A: When US President Obama visited Yangon, he mentioned in his speech that the United States is also a multi-ethnic country. However, it is not just a multi-ethnic country, but a unified one. Myanmar has 135 ethnic minority groups. I believe Myanmar may be one of the most ethnically diverse countries in the world, and this is something I think the people of Myanmar are proud of. Therefore, I believe that moving forward means ensuring the co-existence and co-prosperity Burma’s people and ethnic minorities.

I have met government officials of Myanmar. I have also met leaders of the 88 Generation Students group. And I have also met with leaders of the ethnic minority groups, mainly here in Thailand. Each of the stakeholders in Myanmar truly wish for the unification of the country. And I believe this is a very rare case, because in most conflict regions around the world, you can see that most anti-government groups call for secession. However, this is not the case in Myanmar. Every citizens in Myanmar is hoping for unification, not secession.

Q: The Nippon Foundation has provided a lot of aid and financial support in ethnic regions, and has become very involved in peace talks between the Burmese government and ethnic armed groups. Why is the foundation providing so much financial assistance in Burma? And why has Japan provided so much financial support and even forgiven Burma’s loans? Why has Japan come so close to Burma?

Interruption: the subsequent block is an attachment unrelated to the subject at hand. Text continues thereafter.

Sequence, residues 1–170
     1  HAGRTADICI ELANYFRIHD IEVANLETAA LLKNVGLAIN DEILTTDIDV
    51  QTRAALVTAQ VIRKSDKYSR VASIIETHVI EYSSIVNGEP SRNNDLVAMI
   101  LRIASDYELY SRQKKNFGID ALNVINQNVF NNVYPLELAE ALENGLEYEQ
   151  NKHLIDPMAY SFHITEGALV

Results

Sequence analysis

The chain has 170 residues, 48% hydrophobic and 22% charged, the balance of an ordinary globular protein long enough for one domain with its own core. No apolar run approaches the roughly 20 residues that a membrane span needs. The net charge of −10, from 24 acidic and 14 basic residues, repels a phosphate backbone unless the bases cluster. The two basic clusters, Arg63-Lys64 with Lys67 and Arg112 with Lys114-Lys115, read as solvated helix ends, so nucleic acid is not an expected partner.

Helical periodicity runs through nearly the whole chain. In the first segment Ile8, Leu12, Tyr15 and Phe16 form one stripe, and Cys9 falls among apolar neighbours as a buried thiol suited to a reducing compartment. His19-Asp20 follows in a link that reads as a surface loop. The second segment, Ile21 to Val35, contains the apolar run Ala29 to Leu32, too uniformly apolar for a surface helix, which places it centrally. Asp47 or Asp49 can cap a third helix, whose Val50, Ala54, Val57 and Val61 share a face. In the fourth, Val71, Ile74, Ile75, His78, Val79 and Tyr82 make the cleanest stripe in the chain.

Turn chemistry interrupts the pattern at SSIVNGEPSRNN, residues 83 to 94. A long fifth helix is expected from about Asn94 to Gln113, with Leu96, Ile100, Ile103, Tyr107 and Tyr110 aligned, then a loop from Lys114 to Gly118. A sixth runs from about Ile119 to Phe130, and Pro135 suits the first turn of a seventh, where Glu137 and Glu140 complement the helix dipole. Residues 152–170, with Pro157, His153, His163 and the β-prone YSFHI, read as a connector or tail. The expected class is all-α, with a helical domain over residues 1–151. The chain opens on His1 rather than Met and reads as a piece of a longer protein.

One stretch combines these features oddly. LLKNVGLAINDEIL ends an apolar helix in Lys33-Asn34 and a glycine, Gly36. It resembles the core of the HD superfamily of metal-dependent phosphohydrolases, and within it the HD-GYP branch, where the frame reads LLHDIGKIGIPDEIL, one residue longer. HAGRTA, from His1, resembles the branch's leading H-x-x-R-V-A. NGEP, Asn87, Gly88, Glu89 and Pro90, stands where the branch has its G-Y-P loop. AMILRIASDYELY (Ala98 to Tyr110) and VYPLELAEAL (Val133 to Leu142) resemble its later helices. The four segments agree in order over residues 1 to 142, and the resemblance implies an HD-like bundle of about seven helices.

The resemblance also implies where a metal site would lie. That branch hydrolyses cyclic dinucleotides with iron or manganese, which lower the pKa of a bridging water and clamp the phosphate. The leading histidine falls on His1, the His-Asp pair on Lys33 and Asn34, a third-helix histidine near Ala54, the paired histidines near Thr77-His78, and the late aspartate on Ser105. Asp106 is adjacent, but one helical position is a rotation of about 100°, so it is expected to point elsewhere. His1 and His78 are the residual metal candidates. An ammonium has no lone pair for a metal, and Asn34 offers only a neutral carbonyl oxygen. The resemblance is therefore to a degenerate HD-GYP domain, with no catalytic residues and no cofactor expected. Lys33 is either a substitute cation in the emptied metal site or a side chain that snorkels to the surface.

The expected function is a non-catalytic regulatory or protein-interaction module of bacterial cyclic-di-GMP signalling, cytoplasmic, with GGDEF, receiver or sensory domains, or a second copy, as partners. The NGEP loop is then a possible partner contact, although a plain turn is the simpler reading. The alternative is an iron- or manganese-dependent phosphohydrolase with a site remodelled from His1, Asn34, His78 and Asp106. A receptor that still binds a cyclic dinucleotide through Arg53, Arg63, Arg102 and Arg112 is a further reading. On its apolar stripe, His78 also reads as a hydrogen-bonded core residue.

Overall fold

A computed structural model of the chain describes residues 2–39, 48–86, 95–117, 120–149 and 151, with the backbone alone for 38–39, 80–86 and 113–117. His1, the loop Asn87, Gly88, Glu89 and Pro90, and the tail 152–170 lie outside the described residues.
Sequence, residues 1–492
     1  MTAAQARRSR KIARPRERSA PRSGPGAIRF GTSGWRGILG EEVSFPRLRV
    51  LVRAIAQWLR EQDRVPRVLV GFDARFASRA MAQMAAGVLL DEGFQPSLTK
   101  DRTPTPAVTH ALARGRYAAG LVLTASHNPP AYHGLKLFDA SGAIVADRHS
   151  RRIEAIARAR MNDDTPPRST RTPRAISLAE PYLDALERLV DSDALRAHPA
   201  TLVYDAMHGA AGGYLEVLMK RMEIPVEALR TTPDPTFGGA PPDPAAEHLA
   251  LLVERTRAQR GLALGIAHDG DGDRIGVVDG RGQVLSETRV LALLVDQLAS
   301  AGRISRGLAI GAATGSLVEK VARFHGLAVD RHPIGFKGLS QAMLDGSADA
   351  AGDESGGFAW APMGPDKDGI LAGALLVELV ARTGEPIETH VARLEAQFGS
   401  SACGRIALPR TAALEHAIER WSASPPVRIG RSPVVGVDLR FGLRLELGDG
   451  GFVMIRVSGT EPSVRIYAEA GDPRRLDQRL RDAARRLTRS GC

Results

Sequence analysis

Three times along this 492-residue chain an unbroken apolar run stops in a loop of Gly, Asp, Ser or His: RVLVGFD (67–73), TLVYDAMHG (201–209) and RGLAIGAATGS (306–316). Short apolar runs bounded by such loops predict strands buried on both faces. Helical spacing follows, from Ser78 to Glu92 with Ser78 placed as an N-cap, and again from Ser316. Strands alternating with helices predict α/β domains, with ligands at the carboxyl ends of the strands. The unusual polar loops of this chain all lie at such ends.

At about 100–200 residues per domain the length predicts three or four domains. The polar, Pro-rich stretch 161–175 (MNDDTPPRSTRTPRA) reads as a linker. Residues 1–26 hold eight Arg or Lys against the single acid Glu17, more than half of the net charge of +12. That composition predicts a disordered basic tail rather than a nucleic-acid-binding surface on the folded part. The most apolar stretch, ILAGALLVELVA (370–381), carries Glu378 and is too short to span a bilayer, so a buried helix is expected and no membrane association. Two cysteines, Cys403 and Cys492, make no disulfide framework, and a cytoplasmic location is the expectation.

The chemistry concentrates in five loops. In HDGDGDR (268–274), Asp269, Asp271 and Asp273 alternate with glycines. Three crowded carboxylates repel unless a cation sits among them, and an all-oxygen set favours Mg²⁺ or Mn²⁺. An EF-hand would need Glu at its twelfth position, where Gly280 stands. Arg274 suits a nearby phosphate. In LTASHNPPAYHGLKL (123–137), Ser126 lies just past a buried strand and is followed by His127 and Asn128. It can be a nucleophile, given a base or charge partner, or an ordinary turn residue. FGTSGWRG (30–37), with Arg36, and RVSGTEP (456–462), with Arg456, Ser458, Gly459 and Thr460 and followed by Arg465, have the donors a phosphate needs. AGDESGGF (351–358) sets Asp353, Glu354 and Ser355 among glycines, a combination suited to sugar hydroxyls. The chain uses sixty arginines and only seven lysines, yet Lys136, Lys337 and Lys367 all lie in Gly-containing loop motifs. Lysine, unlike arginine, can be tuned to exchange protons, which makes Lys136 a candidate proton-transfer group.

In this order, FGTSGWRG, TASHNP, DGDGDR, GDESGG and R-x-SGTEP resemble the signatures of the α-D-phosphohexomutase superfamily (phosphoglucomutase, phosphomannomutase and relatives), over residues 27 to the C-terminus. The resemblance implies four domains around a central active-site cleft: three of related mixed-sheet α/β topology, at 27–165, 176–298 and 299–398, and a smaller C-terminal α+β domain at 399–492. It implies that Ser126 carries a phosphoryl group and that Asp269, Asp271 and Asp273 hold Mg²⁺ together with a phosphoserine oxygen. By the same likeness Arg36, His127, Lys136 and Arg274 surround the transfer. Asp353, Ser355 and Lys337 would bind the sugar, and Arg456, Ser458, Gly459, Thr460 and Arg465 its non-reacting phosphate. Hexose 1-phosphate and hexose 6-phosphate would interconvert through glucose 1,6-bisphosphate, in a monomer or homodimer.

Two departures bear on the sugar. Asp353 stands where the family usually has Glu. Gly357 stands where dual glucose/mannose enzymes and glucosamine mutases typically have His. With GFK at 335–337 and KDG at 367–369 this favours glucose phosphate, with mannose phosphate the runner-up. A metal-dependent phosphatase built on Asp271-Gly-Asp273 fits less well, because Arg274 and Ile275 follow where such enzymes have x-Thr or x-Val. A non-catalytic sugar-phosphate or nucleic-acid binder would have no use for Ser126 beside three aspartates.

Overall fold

A: Our organization provides humanitarian aid worldwide. In recent years, we have especially extended our activities in Myanmar. The reason why we provide such humanitarian aid is, first of all, based on my own childhood experiences. When I was a small child, I lived in poverty. There was a food shortage, so I often had to go to bed on a hungry stomach. Because of that experience, I have been, for the past 25 years, providing food in Africa. In Myanmar, in the areas under the control of ethnic armed groups, there are many internally displaced persons (IDPs). When I look back on my childhood experiences, I have a very strong passion and will to provide aid and supports to save children who are affected right now.